FTC investigating TikTok over privacy and security

The Federal Trade Commission is investigating TikTok for its data and security practices, two sources told CNN on the condition of anonymity.

The probe is yet another complication for the social media platform, which is already facing the threat of a potential US ban or a forced divestment from its Chinese parent company.

The sources said that the FTC is probing TikTok over an alleged violation of the Children’s Online Privacy Protection rule, which requires companies to notify parents and obtain consent before collecting data from children under 13.

The agency is also investigating whether TikTok violated a portion of the FTC Act that prohibits “unfair or deceptive” business practices, the sources said, in denying that TikTok user data could be accessed by individuals in China.

The FTC could bring a suit against TikTok or settle with the company in the coming weeks, according to one of the sources. Politico reported news of the probe earlier.

When asked about the investigation, FTC Director of Public Affairs Douglas Farrar replied: “No comment.”

TikTok did not immediately respond to a request for comment.

The FTC probe comes as TikTok faces an existential threat in the US. Earlier this month, a bipartisan group in the US House of Representatives voted to pass a law forcing TikTok to be sold by ByteDance or face a ban from US app stores. The bill is now before the Senate, and President Joe Biden has said he would sign it if it gets to his desk. Senate leaders, however, have indicated they are taking a deliberate approach — which could lead to delays or even potentially doom the House bill.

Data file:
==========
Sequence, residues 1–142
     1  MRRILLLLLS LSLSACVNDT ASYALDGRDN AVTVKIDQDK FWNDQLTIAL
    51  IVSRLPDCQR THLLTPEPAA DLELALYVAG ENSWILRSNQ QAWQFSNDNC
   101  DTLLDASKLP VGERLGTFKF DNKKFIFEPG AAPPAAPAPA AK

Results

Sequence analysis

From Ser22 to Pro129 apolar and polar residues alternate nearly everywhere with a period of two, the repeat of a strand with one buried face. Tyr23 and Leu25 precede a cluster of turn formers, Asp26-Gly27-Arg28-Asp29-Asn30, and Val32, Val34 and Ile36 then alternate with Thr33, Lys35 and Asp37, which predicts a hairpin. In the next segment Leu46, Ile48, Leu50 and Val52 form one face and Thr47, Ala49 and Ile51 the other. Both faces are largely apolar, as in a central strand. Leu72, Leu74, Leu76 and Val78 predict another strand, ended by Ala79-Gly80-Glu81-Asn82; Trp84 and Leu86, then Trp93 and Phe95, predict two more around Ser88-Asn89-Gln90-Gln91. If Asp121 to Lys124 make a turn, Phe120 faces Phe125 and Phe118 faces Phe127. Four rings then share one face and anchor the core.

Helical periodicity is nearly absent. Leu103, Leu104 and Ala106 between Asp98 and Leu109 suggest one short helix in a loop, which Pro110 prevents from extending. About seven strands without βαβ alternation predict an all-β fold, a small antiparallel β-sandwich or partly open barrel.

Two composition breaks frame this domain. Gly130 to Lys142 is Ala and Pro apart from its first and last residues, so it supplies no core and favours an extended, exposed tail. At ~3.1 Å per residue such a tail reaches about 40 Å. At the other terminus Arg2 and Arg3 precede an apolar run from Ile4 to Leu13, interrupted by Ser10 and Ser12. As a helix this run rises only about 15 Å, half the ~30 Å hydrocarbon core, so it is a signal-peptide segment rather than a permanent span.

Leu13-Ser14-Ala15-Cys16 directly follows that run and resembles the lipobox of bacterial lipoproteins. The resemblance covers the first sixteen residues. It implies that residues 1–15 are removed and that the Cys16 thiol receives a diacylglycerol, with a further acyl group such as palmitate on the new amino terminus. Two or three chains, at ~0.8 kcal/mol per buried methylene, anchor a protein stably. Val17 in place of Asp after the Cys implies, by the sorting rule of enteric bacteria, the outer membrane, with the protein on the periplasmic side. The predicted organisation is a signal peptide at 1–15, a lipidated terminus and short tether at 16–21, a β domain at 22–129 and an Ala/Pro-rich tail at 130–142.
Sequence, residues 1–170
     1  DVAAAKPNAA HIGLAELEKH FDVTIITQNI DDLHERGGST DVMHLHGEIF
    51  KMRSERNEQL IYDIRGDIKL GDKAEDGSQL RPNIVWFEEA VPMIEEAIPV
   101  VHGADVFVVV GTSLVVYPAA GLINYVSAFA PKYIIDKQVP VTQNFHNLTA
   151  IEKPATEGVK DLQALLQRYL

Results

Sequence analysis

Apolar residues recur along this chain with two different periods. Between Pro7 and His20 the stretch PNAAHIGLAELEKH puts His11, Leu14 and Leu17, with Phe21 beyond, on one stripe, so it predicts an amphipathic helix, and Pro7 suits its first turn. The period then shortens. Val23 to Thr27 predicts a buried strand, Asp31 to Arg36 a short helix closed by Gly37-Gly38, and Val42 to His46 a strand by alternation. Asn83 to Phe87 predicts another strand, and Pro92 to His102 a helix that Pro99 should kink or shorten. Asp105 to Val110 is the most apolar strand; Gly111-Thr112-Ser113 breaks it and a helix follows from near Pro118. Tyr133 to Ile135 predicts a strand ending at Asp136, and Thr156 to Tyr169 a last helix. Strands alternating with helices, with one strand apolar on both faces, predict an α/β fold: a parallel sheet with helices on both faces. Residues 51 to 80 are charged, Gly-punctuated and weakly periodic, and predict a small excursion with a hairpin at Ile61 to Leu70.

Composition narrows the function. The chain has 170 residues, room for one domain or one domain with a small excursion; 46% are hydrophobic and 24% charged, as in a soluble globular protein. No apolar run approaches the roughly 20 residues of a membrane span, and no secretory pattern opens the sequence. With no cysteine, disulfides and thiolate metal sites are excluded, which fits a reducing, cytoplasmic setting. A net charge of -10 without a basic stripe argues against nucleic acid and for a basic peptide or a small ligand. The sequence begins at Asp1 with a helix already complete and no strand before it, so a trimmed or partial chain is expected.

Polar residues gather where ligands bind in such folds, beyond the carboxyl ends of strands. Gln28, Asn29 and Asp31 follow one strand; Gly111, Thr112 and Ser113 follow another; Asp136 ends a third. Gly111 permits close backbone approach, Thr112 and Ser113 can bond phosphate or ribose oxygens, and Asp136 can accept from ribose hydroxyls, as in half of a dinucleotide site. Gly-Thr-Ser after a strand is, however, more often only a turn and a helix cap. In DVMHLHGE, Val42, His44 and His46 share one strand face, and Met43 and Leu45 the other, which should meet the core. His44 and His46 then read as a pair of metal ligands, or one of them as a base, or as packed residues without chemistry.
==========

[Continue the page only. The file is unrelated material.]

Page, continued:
The short-form video company, owned by Chinese firm ByteDance, has denied assertions that its app poses a national security threat to US citizens. TikTok, which does not operate in China, has said that the Chinese government has never accessed US user data.

Cybersecurity experts say Chinese laws require ByteDance to cooperate with that country’s intelligence demands — a fact that, given ByteDance’s ownership of TikTok, could hypothetically put US user data at risk. To address that issue, TikTok has taken steps to store its US user data on cloud servers controlled by US tech giant Oracle and established internal protocols limiting access by non-US employees.

TikTok acknowledged to Congress in 2022 that employees based in China could access US user data, following a report that year by BuzzFeed News that ByteDance employees had accessed that information on multiple occasions. TikTok CEO Shou Chew, in his first appearance before Congress last year, also acknowledged that several ByteDance employees were fired for spying on certain US journalists as part of a “misguided attempt” to hunt down leakers within the company. (CNN)

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